Syria declares Western ambassadors unwelcome
Syria has declared as unwelcome the ambassadors of several Western states, a week after governments around the world expelled its top diplomats.
The US, UK, French and Turkish envoys were among those designated "personae non gratae". Many have already left.
President Bashar al-Assad has blamed outside powers for Syria's divisions.
Meanwhile, the UN has said the Syrian government has agreed to allow aid agencies to enter the four provinces that have seen the most violence.
"This agreement was secured in Damascus with the government there, in writing," John Ging, the director of operations for UN Office for the Coordination of Humanitarian Affairs (OCHA) told reporters in Geneva after a meeting of the Syrian Humanitarian Forum.
"Freedom of movement, unimpeded access for humanitarian action within Syria, is what it's all about now. The good faith of the [Syrian] government will be tested on this issue today, tomorrow and every day," he added.
Procedures would be streamlined for granting visas to staff from nine UN agencies and seven international NGOs, Mr Ging said. The UN will open field offices in the provinces of Deraa, Deir al-Zour, Homs and Idlib.
The UN has been trying for months to get its aid workers into Syria, but with little success, reports the BBC's Imogen Foulkes in Geneva. Visa applications have been delayed or denied, and supplies of aid blocked.
The UN estimates that one million people are in need of assistance inside Syria, and that the number will likely increase after further assessments.
In a separate development, Russian President Vladimir Putin and his Chinese counterpart, Hu Jintao, urged the international community to continue to support the peace plan negotiated by the UN and Arab League envoy to Syria, Kofi Annan, Chinese state TV said.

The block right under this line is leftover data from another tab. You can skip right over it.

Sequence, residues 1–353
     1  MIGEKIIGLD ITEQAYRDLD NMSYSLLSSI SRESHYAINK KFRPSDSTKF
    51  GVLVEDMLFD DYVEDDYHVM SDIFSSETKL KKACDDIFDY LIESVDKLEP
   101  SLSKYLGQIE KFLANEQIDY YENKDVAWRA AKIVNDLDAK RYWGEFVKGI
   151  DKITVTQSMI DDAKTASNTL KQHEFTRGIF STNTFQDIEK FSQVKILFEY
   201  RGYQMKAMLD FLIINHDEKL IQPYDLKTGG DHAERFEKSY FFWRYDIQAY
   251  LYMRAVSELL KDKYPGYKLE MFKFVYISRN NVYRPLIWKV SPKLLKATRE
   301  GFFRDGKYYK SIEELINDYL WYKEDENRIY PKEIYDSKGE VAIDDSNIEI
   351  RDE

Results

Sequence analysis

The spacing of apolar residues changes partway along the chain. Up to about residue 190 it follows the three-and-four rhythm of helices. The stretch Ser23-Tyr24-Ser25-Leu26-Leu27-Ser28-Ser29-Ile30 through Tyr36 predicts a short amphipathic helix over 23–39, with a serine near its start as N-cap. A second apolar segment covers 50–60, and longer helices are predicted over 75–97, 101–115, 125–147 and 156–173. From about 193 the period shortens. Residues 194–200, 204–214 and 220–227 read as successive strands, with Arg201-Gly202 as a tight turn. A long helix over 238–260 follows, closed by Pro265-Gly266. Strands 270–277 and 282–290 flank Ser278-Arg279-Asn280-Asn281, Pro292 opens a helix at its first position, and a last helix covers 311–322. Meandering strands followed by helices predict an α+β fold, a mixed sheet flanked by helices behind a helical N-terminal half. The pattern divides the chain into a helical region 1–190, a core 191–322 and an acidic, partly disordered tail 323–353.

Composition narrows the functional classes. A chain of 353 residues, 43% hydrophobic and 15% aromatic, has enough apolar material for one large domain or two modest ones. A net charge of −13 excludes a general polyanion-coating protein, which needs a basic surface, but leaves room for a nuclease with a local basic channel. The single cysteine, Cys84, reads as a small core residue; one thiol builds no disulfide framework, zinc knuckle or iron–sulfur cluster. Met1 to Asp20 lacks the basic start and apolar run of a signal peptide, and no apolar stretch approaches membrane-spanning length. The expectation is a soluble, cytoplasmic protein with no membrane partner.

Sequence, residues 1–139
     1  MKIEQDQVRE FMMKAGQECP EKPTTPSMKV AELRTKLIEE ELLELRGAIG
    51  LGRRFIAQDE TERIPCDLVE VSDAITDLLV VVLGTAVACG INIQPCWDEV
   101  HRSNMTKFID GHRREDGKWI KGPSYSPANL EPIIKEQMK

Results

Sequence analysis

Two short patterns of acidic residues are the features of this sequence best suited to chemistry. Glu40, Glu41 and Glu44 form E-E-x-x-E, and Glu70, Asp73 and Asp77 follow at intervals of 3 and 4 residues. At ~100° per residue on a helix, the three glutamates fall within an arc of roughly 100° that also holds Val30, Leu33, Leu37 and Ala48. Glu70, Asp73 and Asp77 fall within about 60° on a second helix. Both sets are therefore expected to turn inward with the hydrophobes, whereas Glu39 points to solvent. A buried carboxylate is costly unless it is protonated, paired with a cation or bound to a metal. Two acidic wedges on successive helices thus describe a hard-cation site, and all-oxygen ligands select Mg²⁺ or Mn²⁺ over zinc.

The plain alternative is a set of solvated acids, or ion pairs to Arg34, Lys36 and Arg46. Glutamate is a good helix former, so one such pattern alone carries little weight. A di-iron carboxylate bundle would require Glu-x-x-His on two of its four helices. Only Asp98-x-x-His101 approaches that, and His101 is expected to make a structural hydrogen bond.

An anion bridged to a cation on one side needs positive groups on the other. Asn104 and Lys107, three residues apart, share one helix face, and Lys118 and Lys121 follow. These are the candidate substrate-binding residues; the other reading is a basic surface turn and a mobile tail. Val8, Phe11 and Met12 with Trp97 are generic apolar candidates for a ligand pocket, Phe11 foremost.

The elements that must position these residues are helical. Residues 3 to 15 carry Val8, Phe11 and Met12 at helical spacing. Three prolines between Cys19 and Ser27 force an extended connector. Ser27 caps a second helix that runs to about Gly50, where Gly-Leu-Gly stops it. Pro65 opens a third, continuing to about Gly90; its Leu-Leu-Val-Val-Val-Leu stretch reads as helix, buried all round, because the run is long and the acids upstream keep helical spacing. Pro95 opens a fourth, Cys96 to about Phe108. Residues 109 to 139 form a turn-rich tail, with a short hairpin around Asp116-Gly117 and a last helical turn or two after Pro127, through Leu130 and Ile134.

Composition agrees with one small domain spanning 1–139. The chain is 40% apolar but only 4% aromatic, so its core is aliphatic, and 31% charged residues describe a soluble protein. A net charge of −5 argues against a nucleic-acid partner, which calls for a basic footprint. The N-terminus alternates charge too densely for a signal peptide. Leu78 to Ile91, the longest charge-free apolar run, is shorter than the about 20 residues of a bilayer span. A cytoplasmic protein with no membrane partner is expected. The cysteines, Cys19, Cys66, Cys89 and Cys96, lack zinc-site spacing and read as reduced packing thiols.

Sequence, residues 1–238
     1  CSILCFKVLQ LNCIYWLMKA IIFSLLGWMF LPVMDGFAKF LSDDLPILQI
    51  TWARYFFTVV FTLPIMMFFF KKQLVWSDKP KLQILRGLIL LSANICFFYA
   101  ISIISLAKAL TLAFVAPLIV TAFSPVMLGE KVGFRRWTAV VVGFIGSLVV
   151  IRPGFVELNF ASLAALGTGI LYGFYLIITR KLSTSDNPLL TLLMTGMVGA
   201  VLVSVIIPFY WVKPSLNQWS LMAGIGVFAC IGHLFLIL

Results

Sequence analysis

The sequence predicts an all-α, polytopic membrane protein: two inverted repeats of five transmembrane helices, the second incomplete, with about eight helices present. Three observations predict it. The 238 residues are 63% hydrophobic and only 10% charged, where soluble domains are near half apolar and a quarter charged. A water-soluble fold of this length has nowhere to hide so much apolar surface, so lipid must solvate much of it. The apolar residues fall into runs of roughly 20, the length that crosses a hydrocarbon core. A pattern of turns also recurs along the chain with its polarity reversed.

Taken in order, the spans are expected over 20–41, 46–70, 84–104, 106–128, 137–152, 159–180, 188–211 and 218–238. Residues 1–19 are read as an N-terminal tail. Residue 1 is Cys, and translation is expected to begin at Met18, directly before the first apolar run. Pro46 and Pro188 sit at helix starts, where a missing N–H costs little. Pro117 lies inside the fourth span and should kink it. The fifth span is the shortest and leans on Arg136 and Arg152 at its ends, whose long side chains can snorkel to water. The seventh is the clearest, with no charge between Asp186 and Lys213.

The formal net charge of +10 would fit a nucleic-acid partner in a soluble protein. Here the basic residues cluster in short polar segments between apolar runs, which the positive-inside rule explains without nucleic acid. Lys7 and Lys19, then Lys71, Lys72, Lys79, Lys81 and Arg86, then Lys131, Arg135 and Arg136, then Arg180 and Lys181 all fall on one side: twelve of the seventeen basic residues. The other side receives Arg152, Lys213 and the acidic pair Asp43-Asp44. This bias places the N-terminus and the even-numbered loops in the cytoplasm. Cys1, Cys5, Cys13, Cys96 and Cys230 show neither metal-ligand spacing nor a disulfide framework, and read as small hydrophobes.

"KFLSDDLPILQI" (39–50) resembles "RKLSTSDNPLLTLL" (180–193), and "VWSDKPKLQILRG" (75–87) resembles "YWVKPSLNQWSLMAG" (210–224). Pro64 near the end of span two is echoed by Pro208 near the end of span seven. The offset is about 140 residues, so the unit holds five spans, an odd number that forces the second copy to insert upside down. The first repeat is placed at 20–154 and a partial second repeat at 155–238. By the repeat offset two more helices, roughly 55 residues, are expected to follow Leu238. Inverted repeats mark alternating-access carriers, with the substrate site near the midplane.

But Saudi Arabia's foreign minister said Gulf Arab states had "begun to lose hope in the possibility of reaching a solution... within this framework".
Mr Annan is to address the UN Security Council in New York on Thursday. He is believed to want a "serious review" of efforts to implement his plan.
'Importance of dialogue'
Last week, at least 13 countries expelled top Syrian diplomats in protest at the massacre of more than 100 people, including 49 children, in the Houla area of Homs province. Turkey expelled all Syrian embassy staff.
In what it described as a reciprocal move on Tuesday, the Syrian government announced that 17 diplomats from the US, UK, Switzerland, France, Italy, Spain, Belgium, Bulgaria, Germany and Canada were now considered "personae non gratae".
All Turkish diplomatic staff were also declared unwelcome.
"The Syrian Arab Republic still believes in the importance of dialogue based on principles of equality and mutual respect," a foreign ministry statement said.
"We hope the countries that initiated these steps will adopt those principles, which would allow relations to return to normal again."
The BBC's Jim Muir in Beirut says it will be a long time before the Western states are prepared to re-establish diplomatic ties.
US ambassador Robert Ford was called back to Washington in October over fears for his safety, while all British embassy staff were withdrawn in March on security grounds.
France also closed its embassy that month in protest at the "scandalous" repression of dissent by the government.
On Sunday, President Assad told parliament that Syria was facing not an internal crisis but an external war, waged against it because of its support for resistance to Israel.
In his first public comment on the massacre at Houla, in which 108 people were killed on 25 May, Mr Assad said that even "monsters" would not have carried out such an act and it should prompt an end to bloodshed.
Survivors and human rights groups blamed the army and shabiha militiamen allied to the government for the deaths.
Tuesday's diplomatic move by the government came as activists said at least 34 people had been killed in violence across the country.
At least 15 soldiers were killed and dozens wounded, while four rebel fighters also died in fighting in several towns and villages in the Mediterranean province of Latakia, according to the Syrian Observatory for Human Rights.
"These are the heaviest clashes so far in the area since the beginning of the revolution," Rami Abdul Rahman, the head of the UK-based group, told the Reuters news agency.
Several villages south-west of the central city of Homs earlier came under intense army artillery- and mortar-fire, leaving five people dead, according to the Local Co-ordination Committees, an activist network.
Four civilians were also reportedly killed overnight in a "huge military operation" in Kafrouaid, a village in the northern province of Idlib.
The UN says at least 9,000 people have died since pro-democracy protests began in March 2011. In April, the Syrian government reported that 6,143 Syrian citizens had been killed by "terrorist groups".